In an advantageous embodiment of the lamp, provision is made for the compensating filter to be applied in that region of the outer envelope that, in a lamp which is fitted and operating, is adjacent that region of the discharge vessel in which the non-gaseous proportion of the metal halide is situated. By lining the partial compensating filter up with the non-gaseous proportion and the arc, an exact correction is obtained without the color reproduction of the beam produced by the lamp being changed to any unnecessary degree. In this case, the partial compensating filter must cover at least the range that ensures correction of the yellowish coloration in the beam. Hence, its minimum size depends on the position and size of the condensate and the arc. When the lamp is used in an optical imaging system such as a reflector, the partial compensating filter can be optimized such that the colored region is corrected in the beam that is produced by forming an image of the arc. The compensating filter would be adjusted to the particular optical system in this case.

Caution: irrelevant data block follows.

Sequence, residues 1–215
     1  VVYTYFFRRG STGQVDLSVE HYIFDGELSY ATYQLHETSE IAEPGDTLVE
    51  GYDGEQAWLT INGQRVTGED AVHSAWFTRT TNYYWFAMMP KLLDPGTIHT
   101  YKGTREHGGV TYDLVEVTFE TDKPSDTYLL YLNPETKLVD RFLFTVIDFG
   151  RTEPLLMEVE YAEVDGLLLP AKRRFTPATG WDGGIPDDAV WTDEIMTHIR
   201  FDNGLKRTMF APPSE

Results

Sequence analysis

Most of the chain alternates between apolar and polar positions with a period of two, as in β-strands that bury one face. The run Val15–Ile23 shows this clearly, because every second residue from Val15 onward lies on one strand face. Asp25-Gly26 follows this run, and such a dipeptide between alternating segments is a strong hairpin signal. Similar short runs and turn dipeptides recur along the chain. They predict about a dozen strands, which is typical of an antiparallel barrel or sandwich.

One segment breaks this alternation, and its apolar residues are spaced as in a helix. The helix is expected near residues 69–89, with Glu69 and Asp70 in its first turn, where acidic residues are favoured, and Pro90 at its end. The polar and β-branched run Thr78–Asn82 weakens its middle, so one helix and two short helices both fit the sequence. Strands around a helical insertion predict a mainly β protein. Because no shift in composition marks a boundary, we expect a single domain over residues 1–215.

The coating forming the compensating filter is advantageously and simply applied by a dip process that, being a known technique, can easily be handled and can be used for the outer envelope of the lamp.
These and other aspects of the invention are apparent from and will be elucidated with reference to the embodiment described hereinafter. In the drawings:
The gas-discharge lamp 1 shown in side elevation in
Fitted in the cap 2 is a burner 3 of quartz that comprises a first neck-shaped end 4, a discharge vessel 5, and a second neck-shaped end 6. The burner 3 is fixed in the cap 2 at its second neck-shaped end. Sealed into the neck-shaped ends 4, 6 that seal off the discharge vessel hermetically are respective electrodes 7, 8. The electrodes 7, 8 comprise an inner portion 81 composed of a tungsten wire that projects into the discharge vessel 5, a central portion 82 of molybdenum foil in the region of the hermetic seal, and an outer portion 83 composed of a tungsten wire for making contact. The outer portion 83 of the electrode 8 at the end remote from the cap 2 is connected to a contact in the cap 2 by a return wire 9. It is possible for the return wire 9 to be insulated with a ceramic pipe, but this is not shown in